It used to be that no matter what your background — Asian, African or European — you can fit in easily in Brazil. But the reality is very different. Brazil used to be regarded as one of the most racially harmonious places in the world. Yet over the decades, the racial divide has proven to be similar to other countries: driven financially.
Despite the fact that an alluring samba, sultry climate and geography made it easy for a blended society to party together, the workplace was a different matter. Over time, most of the black population has evolved into the service jobs or none at all, whereas the wealthier class are in middle management and above. It is a fact that Brazil was the last place in the Americas to give up slavery. It also imported more than 10 times as many slaves than the United States — some 4 million. In 1872, when Brazil’s first census was conducted, the population was split into just two groups: free people and slaves, who then represented 15% of the population. According to a 2010 census, 7.6% of Brazilians said they were black, compared with 6.2% in 2000, and 43.1% said they were mixed race, up from 38.5%. Interestingly, in the USA, surveys don’t offer a respondent the option to indicate a blend of races.
Thus, more than 50 percent of the population is of African descent, but those numbers haven’t translated to opportunity. Sadly, as an economy tumbles, so do race relations. The same study found that 31.3% of Brazil’s white population had private health plans, compared with just 15.2% of the black population. The same study found that 31.3% of Brazil’s white population had private health plans, compared with just 15.2% of the black population. According to studies based on the 2000 census, an eighteen-year-old white Brazilian boy has an average 2.3 years more education than an eighteen-year-old black boy. The father of a white boy also had 2.3 years more education than the father of a black boy. The educational disparity between white and black has remained stubbornly constant over the past three generations. The bottom line: Mixed races (Afro-Brazilian) comprise just over 50% of the population but are 70% of those in poverty.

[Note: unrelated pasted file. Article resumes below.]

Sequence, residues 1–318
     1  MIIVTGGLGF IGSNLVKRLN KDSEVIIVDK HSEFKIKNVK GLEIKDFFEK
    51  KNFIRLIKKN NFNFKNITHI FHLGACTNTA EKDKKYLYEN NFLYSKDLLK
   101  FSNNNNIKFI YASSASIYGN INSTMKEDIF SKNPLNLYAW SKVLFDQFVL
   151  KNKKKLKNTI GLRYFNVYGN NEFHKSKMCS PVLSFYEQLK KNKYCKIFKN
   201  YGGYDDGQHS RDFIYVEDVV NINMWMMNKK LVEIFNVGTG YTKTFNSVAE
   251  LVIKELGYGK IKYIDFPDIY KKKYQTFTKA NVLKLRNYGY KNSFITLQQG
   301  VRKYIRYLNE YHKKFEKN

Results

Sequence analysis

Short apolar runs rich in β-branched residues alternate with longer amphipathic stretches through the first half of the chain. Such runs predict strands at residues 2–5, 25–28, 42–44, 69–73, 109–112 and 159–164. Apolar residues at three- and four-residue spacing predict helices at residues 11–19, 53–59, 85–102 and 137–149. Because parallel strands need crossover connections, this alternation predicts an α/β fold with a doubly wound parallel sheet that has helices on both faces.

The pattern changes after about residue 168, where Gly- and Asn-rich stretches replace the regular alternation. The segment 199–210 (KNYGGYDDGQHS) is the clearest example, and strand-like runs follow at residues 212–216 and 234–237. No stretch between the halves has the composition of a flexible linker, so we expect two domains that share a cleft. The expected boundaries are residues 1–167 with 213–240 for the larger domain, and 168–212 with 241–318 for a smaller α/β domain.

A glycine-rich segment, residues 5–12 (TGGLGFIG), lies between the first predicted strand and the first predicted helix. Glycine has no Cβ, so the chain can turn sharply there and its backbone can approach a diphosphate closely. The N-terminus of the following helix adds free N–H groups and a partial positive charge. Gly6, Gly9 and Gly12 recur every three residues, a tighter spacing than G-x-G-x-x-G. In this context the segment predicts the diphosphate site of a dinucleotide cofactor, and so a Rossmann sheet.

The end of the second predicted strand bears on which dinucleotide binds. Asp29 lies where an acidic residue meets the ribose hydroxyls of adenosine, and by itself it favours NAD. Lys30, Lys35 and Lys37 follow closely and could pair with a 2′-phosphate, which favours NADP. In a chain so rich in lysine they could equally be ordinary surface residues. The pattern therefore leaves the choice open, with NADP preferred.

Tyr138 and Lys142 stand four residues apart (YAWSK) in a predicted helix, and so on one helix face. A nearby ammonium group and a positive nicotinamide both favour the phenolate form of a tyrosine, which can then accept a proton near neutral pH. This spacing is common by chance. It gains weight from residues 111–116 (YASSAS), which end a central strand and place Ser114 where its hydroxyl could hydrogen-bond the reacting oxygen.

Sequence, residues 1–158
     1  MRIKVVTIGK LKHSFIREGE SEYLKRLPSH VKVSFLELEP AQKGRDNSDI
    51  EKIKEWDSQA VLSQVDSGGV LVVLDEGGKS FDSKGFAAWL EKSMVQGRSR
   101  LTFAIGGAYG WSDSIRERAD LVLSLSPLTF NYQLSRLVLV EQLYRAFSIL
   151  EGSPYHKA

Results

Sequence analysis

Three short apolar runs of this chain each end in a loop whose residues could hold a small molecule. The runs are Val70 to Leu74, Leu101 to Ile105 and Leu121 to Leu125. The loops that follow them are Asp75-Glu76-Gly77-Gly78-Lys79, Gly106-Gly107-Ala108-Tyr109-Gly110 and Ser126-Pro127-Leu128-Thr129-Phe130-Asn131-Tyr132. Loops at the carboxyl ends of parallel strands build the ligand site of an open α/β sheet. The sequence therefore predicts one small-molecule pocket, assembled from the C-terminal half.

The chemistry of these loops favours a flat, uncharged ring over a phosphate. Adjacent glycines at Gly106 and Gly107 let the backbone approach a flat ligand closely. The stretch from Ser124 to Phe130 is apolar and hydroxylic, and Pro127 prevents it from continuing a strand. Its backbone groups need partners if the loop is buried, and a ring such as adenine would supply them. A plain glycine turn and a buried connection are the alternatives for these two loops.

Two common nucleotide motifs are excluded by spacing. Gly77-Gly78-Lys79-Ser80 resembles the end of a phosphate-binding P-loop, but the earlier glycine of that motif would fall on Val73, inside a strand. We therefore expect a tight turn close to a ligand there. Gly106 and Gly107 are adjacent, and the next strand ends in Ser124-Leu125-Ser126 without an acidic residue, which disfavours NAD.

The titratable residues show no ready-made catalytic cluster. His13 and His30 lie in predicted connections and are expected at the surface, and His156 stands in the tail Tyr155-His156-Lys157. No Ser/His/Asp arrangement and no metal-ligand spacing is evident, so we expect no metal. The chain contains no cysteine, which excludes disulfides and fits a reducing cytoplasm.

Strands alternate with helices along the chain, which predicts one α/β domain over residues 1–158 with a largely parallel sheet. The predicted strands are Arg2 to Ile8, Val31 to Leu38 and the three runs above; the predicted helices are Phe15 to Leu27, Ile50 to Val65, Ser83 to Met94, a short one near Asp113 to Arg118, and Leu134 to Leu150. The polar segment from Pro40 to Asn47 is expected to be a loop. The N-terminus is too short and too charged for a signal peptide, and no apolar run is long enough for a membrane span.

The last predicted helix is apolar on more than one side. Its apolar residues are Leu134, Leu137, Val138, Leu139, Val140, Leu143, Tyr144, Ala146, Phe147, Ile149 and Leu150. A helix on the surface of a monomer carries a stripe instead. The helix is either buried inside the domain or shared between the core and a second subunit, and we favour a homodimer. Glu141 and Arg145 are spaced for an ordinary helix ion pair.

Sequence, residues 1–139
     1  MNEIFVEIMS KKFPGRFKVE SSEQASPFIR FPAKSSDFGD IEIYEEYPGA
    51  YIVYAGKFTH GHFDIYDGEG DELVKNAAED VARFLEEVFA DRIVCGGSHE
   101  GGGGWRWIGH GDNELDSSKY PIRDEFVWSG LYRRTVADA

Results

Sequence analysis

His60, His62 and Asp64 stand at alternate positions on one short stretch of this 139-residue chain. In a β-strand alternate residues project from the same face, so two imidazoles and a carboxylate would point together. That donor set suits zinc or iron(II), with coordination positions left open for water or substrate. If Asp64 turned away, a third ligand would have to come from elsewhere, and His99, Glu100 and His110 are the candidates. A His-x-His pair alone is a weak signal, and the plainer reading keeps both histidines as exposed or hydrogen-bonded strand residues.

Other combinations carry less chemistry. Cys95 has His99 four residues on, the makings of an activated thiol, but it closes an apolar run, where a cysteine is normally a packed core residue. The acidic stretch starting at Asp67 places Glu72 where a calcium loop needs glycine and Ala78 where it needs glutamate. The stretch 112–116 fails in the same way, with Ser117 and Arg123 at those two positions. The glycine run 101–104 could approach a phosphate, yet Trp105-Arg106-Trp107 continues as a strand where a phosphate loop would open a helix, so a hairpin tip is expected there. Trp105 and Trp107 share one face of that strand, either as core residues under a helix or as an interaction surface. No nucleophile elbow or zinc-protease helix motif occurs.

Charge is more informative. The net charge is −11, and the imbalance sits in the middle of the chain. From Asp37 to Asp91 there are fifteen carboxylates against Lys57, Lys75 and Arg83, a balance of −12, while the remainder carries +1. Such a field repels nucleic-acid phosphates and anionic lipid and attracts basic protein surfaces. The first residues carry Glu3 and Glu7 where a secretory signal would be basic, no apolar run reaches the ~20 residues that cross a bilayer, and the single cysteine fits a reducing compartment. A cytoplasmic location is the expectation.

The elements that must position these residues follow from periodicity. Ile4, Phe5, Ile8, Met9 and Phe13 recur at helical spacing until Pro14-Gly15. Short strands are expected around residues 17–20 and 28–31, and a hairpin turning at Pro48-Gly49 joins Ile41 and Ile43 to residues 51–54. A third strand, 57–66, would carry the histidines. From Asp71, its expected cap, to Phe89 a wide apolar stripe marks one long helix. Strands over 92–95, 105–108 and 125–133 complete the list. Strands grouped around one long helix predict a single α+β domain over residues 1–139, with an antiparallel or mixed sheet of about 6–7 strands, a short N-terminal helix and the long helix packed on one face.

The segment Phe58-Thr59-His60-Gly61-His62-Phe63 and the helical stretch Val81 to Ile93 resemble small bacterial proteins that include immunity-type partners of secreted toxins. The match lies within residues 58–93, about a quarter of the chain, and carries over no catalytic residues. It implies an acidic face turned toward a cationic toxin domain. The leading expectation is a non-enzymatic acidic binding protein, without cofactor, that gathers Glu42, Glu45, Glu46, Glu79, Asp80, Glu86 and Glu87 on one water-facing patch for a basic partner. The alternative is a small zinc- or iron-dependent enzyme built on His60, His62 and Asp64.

Lucas Rocha, my character in “RIO—Reluctant Ascension into Infamy” is a sixteen year-old racial mutt who has had virtually no education but that of the streets. I encourage you to subscribe to my weekly newsletter about some compelling human-interest stories from Rio or possibly even your own home city. “Rio – Reluctant Ascension into Infamy” is a Brazilian Oliver Twist meets The Godfather, when people’s lives crash together with irreversible consequences of love and tragedy. Stay tuned.
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